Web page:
From the HBD Archive
From: (Jack Schmidling)
Date: 1992-03-27 13:27:00 GMT

To: Homebrew Digest
Fm: Jack Schmidling

I am being inundted with requests for EASYMASH and am reposting it in the
interest of saving bandwidth.


(Another Sequel)

This was originally posted leaving out a lot of details,
some of which were filled in by the Sequel. This edition
further simplifies the process and leaves out unnecessary

As I intend to produce a new video on all grain brewing, I
would appreciate any and all CONSTRUCTIVE comments.

My intent was to develop an all grain process that reduces
the cost and effort to the minimum while producing a high
quality beer.

As I have the same aversion to plastic as I do to aluminum
and to keep within the budget of most hobbiests, I decided
to base the system around the old enameled 8 gal kettle that
grandma used for canning.

The same kettle is used for mashing, sparging and again
after dumping the spent grains, for the boil. It is never
lifted full so the problem of handles falling off is not an

A few simple mods are required to make it fit the process.
A small brass spiggot is fitted to the bottom with a short
piece of pipe extending several inches toward the center on
the inside.

A small piece of window screen is rolled several times
around the pipe and secured with a hose clamp or twisted
copper wire. The screen roll extends several inches past
the end of the pipe and the last inch is bent over itself to
prevent anything from entering the spiggot that has not
passed through several layers of screen. This simple
expedient eliminates the need for the traditionl "false
bottom" with a zillion holes and seems to prove that simple
is frequently better.

Mashing is begun by "doughing in" 3 gals of hot tap water to
8 lbs of milled (2 row/6 row) malt. When thoroughly mixed,
apply heat to the kettle and bring the temperature up to
155F. Stir regularly to prevent scorching and to distribute
the heat. When the "strike" temp is reached, reduce the
heat and stir occassionally and maintian 155F for 60 min.

After 60 mins at 155, crank up the heat and continue
stirring until 175 degrees is reached. Hold this temp for
15 mins, then turn off the heat and let it rest while
heating water on another burner. If you have control over
the hot water heater, you can get it almost hot enough out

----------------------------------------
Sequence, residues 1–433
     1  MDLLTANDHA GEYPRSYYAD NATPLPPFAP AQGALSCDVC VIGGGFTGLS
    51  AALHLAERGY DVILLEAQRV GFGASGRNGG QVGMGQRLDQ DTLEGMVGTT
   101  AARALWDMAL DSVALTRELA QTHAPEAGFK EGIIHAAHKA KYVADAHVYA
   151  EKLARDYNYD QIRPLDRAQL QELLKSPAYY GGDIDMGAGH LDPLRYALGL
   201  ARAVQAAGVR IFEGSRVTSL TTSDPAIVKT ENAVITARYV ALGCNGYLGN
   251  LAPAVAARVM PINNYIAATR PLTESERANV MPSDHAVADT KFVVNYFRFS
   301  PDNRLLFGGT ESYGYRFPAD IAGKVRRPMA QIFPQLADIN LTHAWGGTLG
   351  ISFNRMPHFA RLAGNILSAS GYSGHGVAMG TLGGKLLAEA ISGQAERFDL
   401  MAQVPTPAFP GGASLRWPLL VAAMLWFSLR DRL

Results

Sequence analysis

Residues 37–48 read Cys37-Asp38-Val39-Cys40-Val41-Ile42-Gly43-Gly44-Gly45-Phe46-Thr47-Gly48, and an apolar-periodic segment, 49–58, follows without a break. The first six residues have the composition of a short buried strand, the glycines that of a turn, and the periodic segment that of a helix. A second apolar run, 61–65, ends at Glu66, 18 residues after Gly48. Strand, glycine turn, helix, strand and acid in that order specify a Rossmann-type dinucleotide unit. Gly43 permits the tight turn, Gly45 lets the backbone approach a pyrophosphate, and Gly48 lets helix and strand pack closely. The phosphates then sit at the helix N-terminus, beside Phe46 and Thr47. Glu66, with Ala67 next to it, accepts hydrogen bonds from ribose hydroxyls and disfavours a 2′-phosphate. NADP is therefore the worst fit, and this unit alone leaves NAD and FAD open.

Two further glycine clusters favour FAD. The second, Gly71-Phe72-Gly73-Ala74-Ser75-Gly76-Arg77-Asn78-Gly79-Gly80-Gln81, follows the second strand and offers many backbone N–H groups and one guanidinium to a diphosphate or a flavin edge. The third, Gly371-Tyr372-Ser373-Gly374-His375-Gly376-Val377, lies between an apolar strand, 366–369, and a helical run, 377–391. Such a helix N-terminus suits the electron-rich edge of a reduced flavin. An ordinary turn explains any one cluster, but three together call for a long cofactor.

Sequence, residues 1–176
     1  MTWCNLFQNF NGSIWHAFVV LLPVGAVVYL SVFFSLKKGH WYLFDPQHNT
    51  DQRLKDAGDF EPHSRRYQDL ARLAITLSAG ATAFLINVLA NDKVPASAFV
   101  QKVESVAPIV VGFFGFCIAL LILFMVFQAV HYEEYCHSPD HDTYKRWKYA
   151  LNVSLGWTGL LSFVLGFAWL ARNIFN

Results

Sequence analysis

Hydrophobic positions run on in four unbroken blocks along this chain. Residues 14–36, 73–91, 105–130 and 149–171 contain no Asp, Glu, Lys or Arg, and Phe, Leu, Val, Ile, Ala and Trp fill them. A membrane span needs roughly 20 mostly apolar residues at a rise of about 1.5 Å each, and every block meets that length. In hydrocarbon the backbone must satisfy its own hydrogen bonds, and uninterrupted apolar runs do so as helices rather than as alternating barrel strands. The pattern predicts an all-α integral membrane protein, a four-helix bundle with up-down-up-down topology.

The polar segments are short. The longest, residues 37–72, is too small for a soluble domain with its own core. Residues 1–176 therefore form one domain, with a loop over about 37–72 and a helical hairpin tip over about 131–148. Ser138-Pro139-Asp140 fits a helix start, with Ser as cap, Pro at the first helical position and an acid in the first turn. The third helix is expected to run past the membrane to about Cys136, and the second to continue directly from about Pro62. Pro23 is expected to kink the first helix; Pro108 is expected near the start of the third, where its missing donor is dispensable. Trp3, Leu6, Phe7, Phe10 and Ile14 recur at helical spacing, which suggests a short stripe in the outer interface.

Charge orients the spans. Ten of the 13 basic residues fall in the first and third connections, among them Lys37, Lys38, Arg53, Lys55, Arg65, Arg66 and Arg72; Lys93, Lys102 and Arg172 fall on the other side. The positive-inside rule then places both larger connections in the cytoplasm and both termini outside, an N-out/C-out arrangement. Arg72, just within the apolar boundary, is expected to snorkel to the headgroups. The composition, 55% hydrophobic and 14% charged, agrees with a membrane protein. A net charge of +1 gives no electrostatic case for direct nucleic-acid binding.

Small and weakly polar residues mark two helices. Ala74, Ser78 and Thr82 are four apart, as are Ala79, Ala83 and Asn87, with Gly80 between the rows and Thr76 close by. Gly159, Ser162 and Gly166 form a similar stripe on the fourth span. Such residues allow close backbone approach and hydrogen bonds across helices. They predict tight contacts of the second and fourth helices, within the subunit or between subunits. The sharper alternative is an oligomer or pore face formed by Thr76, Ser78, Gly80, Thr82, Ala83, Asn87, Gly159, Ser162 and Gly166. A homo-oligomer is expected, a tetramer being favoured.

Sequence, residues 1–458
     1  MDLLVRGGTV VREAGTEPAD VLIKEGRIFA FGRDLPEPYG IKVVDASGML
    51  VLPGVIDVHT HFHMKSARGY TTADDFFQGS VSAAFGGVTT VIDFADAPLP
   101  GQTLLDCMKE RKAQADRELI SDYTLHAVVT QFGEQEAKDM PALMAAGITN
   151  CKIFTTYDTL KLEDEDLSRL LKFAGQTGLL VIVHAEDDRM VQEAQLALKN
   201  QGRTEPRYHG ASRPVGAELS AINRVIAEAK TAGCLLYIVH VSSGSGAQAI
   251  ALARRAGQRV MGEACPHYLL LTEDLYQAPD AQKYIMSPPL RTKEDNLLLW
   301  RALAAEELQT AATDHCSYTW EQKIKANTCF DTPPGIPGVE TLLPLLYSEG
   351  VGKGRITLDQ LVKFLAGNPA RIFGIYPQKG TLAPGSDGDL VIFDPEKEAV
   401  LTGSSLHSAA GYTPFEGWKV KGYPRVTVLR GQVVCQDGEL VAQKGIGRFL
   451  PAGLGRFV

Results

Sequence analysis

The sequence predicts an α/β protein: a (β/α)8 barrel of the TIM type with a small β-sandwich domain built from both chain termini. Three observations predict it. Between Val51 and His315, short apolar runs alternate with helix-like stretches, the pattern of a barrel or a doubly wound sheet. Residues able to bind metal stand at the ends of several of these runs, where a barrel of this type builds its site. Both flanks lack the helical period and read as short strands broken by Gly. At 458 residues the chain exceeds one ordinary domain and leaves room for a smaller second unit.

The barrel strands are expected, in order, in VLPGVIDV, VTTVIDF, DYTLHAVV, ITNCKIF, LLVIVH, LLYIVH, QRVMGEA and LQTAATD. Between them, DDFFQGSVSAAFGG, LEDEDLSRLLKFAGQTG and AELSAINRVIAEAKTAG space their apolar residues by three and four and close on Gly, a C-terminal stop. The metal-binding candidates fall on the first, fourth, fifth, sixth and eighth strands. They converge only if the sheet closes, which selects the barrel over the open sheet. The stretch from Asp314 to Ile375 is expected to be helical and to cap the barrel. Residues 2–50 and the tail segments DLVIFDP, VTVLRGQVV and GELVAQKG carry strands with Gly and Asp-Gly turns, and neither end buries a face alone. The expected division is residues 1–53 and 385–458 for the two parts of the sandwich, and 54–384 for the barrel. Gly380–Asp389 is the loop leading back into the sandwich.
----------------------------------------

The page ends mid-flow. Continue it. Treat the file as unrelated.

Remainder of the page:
of the tap.

The level of wort in the kettle should be about an inch
above the grain when it settles. Lay a small bowl on top
of the grain to distribute the sparging water and minimize
the disturbance of the grain. The edge of the bowl must be
kept below the water level.

Open the spiggot just a trickle and run the wort into a cup
or jug till it runs clear. This typically takes less than
one cup. Pour the turbid runoff back into the kettle

The object of sparging is to extract as much sugar from the
grain as possible. The longer it takes, the more efficient
the extraction. Adjust the outflow so that it takes about
20 min to obtain one gallon. Add the boiling water as
necessary whenever the level drops near the rim of the bowl.

The first runoff should be about 1.080 and you quit when it
gets below 1.010. The total blend will produce 6 to 7
gallons at about 1.030 which, after boiling will yield 5 to
6 gals at 1.040.

The seven gallons of wort will just fit into the kettle for
the boil but it is best to start with about five and add the
rest as evaporation makes more room avaiable. A minimal one
hour boil will evaporate about a gallon so you can play with
the volumes in various ways. You can increase the gravity
by more boiling or boil less and have more beer.

Add half of your hops as soon as boiling begins. Save one
forth for the end and the remainder at regular intervals
during the boil.

After the boil, it is tapped into the primary after cooling,
either overnight or with a wort chiller if you have one. I
actually draw it off a gallon at a time so that I can shake
it vigorously and "glug " it into the primary to oxygenate
it prior to pitching yeast.

The rest of the process is just like extract beer. The only
difference is that it will take longer for the beer to

The kettle seems to be universally available for about $35
and the rest of the stuff can be had for less than $5,
making it a pretty inexpensive system.

For those afraid to try all grain, I can simply say that
(for me), the quality of my beer has made a quantum leap
forward and it was like falling off a log.

I do not doubt that some people can make good beer with
extracts but I can now honestly say, I don't think I ever
did. All grain brewing takes a bit more time and effort but
the satisfaction is immence and dollar-a-gallon beer is also
no small part of the compensation.


Back New Search

The posts that comprise the Homebrew Digest Searchable Archive remain the property of their authors.
This search system is copyright © 2008 Scott Alfter; all rights reserved.